We have already referred to the limitations suggested by the Lord Provost of Glasgow. Sir Henry Fowler, a friend of municipal administration if ever there was one, pursuing a similar line of thought, has suggested a slightly different definition of the sphere within which corporate enterprise might be confined. He would limit it to such undertakings as are clearly for the common good and the general use of the whole community, and which it is for the public advantage to place under public control. But he at once recognised a qualification of this definition when he went on to point out that general user cannot of itself decide the. question, otherwise would municipal manufacture of tobacco and beer become desirable, with this result, that if the price of these articles as municipally supplied were higher than the actual cost, the consumers thereof would be rated for the relief of those who do not smoke or drink beer; if lower, those who neither smoke nor drink would be taxed to supply those who do.
Again, where a municipality trades in competitive articles
it taxes the whole community, including the private trader, who finds himself compelled to contribute to a fund designed to destroy his profits and ruin his trade. The taxation of the whole body of consumers for the benefit of a limited number of producers is a policy opposed not only to the essential principles of Free trade, but to a view of economy which is taken by a largely preponderating majority of Englishmen who have at all considered the question. Mr. Burns, indeed, and the extreme Socialists who hold that all private property and all instruments of production should be in the hands of the State, may think otherwise. But the sound principle is that which will probably recommend itself not only to the Legislature, but to the general opinion of the country.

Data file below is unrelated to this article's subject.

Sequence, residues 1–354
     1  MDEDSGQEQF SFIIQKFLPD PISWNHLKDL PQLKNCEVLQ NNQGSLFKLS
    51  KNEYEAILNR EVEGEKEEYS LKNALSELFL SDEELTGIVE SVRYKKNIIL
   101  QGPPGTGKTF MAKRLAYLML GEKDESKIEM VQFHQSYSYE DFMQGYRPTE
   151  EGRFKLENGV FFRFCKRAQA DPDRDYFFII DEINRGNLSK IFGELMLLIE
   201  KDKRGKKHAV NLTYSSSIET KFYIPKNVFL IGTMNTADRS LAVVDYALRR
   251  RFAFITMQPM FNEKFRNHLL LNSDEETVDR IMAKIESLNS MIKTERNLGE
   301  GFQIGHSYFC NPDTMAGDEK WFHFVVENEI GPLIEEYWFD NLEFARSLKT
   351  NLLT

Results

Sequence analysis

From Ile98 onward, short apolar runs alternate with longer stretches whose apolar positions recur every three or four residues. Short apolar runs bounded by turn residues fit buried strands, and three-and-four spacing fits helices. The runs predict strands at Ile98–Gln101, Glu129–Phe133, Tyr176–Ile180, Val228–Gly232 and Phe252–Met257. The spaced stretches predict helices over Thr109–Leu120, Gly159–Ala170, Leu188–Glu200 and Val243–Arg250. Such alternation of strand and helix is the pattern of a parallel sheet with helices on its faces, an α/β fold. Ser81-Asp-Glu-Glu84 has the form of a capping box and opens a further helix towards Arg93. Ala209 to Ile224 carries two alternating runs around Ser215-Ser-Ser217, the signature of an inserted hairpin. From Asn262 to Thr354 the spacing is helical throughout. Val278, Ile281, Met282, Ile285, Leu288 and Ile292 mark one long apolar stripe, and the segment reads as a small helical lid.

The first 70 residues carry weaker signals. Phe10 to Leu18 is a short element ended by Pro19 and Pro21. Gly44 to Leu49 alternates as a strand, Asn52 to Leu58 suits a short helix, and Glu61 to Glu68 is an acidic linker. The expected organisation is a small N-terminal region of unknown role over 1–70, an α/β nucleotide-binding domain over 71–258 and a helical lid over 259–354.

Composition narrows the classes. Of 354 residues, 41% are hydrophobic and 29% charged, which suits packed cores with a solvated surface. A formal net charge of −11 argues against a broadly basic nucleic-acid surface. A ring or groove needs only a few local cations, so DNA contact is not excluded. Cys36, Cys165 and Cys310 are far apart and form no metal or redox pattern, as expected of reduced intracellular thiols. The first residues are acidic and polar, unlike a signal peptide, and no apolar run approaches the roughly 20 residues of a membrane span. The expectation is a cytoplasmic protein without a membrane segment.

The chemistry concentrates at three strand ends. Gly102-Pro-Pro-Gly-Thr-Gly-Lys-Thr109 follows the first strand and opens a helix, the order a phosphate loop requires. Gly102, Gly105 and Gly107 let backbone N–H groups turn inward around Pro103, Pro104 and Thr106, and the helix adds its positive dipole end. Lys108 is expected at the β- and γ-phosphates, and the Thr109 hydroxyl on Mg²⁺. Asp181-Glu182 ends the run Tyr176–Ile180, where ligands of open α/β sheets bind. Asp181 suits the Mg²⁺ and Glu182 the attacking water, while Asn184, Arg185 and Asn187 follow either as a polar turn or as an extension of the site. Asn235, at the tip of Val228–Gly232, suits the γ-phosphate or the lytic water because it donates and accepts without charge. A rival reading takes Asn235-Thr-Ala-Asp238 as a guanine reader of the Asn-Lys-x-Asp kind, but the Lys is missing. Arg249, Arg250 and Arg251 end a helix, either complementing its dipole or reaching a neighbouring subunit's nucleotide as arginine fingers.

There is still one more point of view from which a policy of extended municipal enterprise may be regarded. We have hitherto dealt chiefly with the economical side of the question. Sight must not be lost of the political or social side. Were corporations allowed to become traders on a widely extended scale, huge and ever-increasing numbers of the lower and middle classes would become salaried officials of the local bodies in whose election, as things are at present, they would have a considerable share. This would be desirable neither in their own interests nor in those of the general body of ratepayers. If they were allowed to continue in the enjoyment of the right to vote at municipal elections, they would be unable to resist the temptation of endeavouring to improve their conditions of employment by combined use of the franchise. They would believe themselves in the possession of a powerful lever which they would endeavour to use solely for their own benefit. From this danger the Civil Service of the Crown itself is not entirely free. The danger would be more general, more influential, and more far-reaching in its effects in the case of municipal officers and workmen. Already there has arisen in some quarters a demand for the parliamentary disfranchisement of civil servants. The justice of the demand has not as yet been generally admitted, because civil servants are concerned in the wise government of the country, and ought not to be wholly without influence in the selection of its governors. It would be less easy to insist on the right to the municipal franchise of municipal servants if they could be shown to be habitually using that franchise with sole regard to their attitude towards their employers.
Nor is it for the advantage of the community that there